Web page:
I have to admit to being a little surprised and taken aback by the plans I read about in the Telegraph. This week Davos organisers will be warned of a five-fold increase in referrals to psychiatric clinics, as mental health experts say bipolar is now known as ‘CEO disease’ As the CEO of the national charity dedicated to empowering everyone affected by bipolar to live well and fulfil their potential this was deeply troubling to read.

Those living with bipolar can often be high achievers so it’s no surprise that it’s associated with CEOs. The Davos forum and indeed society needs to  have clarity on the fact that bipolar is a condition not a disease. Whilst there is no known cure referring to bipolar disorder in this manner only further stigmatises a condition at a time when the wider perception of mental health is only just being recognised as something we need to discuss more openly. Referring to it in these terms takes us backwards and not forwards. Yes there is a degree of heritability, though it is impossible to ‘catch’ it from someone else. It is also disappointing to note that the author of the article do little to delve into the symptoms of bipolar disorder, writing that mania is ‘feeling restless or overactive’. Bipolar disorder is a severe and enduring mental health condition that impacts all areas of society, and it is important that it’s not sensationalised when discussing it at a national level.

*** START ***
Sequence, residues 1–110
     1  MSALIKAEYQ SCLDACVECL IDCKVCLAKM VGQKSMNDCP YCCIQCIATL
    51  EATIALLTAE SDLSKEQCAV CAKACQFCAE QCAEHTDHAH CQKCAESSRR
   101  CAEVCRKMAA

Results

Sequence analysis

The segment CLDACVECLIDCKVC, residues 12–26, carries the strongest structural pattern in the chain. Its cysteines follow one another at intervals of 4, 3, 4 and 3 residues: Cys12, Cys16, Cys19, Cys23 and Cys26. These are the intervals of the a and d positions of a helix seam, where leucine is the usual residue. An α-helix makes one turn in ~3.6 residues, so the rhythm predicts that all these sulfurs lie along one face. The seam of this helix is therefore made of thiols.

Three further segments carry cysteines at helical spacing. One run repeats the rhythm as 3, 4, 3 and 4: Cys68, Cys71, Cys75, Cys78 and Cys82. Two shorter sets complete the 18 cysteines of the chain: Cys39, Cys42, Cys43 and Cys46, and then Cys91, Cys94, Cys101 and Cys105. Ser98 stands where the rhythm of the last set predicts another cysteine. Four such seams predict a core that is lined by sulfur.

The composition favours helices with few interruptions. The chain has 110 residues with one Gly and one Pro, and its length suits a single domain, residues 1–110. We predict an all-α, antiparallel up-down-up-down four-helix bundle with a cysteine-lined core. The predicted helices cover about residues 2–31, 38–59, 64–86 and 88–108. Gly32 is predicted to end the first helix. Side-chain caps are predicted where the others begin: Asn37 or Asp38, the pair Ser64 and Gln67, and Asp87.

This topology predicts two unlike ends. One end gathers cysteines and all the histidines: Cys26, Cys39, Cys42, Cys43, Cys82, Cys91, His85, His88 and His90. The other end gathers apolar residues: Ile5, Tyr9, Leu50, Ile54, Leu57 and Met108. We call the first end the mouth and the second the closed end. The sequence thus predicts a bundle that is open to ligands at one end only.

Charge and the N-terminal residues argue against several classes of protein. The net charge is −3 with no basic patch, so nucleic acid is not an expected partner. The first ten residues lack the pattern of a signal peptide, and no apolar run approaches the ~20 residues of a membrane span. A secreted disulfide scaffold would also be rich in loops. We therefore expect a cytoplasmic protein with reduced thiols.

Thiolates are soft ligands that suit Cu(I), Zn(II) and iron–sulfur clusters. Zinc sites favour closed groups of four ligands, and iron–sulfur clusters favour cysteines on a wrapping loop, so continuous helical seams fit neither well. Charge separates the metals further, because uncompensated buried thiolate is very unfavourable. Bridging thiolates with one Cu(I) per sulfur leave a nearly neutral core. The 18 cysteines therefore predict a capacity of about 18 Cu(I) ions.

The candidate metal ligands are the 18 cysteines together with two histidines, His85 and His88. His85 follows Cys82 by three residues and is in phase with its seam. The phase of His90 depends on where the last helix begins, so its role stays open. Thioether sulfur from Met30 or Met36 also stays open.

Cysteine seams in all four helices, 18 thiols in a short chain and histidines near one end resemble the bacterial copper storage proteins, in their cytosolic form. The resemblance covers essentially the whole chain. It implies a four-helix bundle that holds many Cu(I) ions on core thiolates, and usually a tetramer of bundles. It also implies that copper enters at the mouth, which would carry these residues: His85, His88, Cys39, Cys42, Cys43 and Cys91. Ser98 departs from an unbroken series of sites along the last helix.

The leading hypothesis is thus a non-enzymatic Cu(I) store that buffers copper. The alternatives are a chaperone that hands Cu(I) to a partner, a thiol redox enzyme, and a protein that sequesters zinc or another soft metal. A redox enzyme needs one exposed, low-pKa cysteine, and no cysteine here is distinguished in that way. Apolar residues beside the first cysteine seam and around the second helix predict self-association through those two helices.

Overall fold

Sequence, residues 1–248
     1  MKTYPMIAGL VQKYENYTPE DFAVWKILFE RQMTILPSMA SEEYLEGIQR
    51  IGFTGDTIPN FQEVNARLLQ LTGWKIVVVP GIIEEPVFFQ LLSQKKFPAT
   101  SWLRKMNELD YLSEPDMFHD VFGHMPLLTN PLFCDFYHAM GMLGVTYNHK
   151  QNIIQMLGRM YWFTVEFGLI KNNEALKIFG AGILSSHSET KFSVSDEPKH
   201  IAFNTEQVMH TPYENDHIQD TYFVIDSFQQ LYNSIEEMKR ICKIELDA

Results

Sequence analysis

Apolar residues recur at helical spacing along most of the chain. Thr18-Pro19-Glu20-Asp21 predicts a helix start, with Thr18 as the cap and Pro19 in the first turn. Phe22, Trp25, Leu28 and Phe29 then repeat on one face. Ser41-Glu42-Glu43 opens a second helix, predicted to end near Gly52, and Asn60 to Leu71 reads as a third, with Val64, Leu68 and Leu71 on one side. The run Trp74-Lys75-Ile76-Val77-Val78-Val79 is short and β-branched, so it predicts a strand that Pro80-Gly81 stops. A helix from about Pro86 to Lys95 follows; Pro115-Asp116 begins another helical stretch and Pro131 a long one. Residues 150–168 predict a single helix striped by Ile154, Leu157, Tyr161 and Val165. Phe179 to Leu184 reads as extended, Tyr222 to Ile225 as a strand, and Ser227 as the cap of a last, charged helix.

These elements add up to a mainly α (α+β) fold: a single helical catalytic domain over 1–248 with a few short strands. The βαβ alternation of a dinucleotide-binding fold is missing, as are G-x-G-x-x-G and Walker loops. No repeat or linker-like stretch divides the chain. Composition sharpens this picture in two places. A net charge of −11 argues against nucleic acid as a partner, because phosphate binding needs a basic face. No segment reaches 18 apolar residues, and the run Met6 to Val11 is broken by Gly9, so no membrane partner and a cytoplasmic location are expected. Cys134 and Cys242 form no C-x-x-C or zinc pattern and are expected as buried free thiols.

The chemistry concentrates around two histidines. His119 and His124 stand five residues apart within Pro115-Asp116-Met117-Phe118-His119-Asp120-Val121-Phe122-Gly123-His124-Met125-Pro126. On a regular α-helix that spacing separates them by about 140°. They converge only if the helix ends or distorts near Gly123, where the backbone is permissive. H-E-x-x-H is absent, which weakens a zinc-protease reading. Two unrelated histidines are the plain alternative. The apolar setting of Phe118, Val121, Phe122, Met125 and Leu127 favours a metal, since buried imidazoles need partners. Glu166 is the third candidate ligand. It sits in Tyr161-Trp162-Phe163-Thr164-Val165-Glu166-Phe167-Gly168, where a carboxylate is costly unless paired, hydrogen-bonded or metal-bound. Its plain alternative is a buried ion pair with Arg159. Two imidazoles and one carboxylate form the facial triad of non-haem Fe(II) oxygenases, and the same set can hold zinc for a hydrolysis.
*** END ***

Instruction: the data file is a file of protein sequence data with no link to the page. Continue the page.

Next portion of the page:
Using a combination of sleep hygiene, medication, nutrition, exercise,  talking therapies and mood monitoring, it is possible to live well with bipolar and avoid serious episodes. Bipolar UK’s approach to staying well is underpinned by peer support whether that be face to face, over the phone or via our online eCommunity. We are here to help those in the workplace through our employment service wherever they work be it a boardroom or back office.

Simon Kitchen

CEO, Bipolar UK

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